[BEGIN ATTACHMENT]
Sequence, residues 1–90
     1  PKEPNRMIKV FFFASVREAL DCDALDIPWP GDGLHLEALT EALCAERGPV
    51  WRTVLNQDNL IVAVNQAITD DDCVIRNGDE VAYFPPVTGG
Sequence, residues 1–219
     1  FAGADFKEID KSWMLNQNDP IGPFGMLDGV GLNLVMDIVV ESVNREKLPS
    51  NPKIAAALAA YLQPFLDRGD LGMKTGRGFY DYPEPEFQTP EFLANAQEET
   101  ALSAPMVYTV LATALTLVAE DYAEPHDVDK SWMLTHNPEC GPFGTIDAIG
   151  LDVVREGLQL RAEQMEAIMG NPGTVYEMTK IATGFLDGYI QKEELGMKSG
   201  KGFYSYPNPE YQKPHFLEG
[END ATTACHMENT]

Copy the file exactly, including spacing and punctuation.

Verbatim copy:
Sequence, residues 1–90
     1  PKEPNRMIKV FFFASVREAL DCDALDIPWP GDGLHLEALT EALCAERGPV
    51  WRTVLNQDNL IVAVNQAITD DDCVIRNGDE VAYFPPVTGG
Sequence, residues 1–219
     1  FAGADFKEID KSWMLNQNDP IGPFGMLDGV GLNLVMDIVV ESVNREKLPS
    51  NPKIAAALAA YLQPFLDRGD LGMKTGRGFY DYPEPEFQTP EFLANAQEET
   101  ALSAPMVYTV LATALTLVAE DYAEPHDVDK SWMLTHNPEC GPFGTIDAIG
   151  LDVVREGLQL RAEQMEAIMG NPGTVYEMTK IATGFLDGYI QKEELGMKSG
   201  KGFYSYPNPE YQKPHFLEG